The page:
If you are a struggling business owner, a freshly unemployed worker or just a concerned citizen, don't look to policymakers in Congress for help on the economy.
It won't be coming.
Friday's disappointing jobs report provided fresh evidence that the domestic labor market is floundering. Unemployment in the eurozone just hit a record 11%. And economic growth in China is rapidly slowing.
Markets are reacting in a way that clearly registers the fears of investors. Treasury yields are at an all-time low. Stock markets around the world are selling off.
Jared Bernstein, a former member of President Obama's economic team who is now a senior fellow at the Center on Budget and Policy Priorities, said the nation faces "a clear deceleration" in the labor market.
"We needed to take out some kind of fiscally stimulative insurance policy against this, and we didn't, and that is because of politics," Bernstein said.
But it might not be too late. There are still things policymakers could do to help.
"Standard policy rules say this is a time to stimulate the economy," said Justin Wolfers, a professor at the University of Pennsylvania's Wharton School.
Wolfers said that the Federal Reserve might be able to take some measures that would help around the margins, but that the bigger burden falls on Congress.
"Fiscal policy is where you could really have an effect and get the economy moving," Wolfers said. "Large scale stimulus absolutely makes sense when unemployment is over 8%."
Yet Wolfers said that when it comes to Washington, there is a wide gulf between what should be done and what will be done. Others agree.
"It's unlikely in this climate to see anything big happen before the election," said Karen Dynan, co-director of Economic Studies at the Brookings Institution. "There is just too much partisan sparring out there."
Most Democrats freely acknowledge that large-scale stimulus is not an option, as Republicans are steadfast in their belief that spending cuts, rather than an expansionary fiscal policy, would help the economy.
Instead, Democrats are focused on a "to-do list" of relatively minor policy items that Obama has requested.
The list includes steps to eliminate red tape so homeowners can refinance, a new hire tax credit for small businesses, investments in affordable clean energy and legislation to help military veterans find employment.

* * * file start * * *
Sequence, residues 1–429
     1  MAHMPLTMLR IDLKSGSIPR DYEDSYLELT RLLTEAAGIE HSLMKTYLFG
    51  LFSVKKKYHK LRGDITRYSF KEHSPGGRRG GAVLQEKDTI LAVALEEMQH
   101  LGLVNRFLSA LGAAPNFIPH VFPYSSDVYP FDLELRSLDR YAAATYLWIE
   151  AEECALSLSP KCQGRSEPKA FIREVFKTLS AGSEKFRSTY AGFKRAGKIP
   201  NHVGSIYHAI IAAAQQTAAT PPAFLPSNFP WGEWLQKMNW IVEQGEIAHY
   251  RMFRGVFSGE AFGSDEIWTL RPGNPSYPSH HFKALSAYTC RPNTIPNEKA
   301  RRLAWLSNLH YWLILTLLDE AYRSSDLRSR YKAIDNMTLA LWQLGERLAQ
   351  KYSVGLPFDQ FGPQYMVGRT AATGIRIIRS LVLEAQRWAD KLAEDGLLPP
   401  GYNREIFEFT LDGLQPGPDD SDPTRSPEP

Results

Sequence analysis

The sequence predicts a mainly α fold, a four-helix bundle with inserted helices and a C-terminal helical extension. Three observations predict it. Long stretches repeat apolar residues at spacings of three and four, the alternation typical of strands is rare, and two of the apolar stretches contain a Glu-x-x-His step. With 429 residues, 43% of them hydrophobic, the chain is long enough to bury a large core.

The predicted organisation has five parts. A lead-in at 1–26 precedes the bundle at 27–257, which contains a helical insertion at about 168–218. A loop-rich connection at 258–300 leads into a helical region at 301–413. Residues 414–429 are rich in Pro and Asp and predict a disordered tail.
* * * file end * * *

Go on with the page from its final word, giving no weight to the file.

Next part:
"I think those things would help," Bernstein said."But I think we need more than that. We need something fast-acting that will stop the hemorrhaging."
Still, Bernstein isn't optimistic that Congress will act. "If this doesn't spur some action, it's hard to imagine what would," he said. "But don't cross your fingers."
Worse than inaction, experts say Congress is actively hurting the economy. That's because lawmakers will likely put off deciding anything on the so-called fiscal cliff until the last minute.
The "cliff" Congress approaches is a series of measures set to begin in January that would take more than $500 billion out of the economy in 2013 alone.
Those measures include the expiration of the Bush tax cuts and protection of the middle class from the Alternative Minimum Tax, the onset of $1 trillion in blunt spending cuts, and a reduction in Medicare doctors' pay.
"Getting rid of the fiscal cliff, and doing so now, and getting rid of the debt ceiling, would create an enormous amount of certainty," Wolfers said.
Dynan said the certainty created by an early resolution would raise consumer and business confidence at a crucial time.
"The fiscal cliff is one big example of something that is frightening people and basically making consumers and businesses hunker down," Dynan said.
But with the election bearing down, it's unlikely that Congress will accelerate its decision-making process.
Just on Friday, politicians responded to the jobs report, largely by casting blame on the opposing party.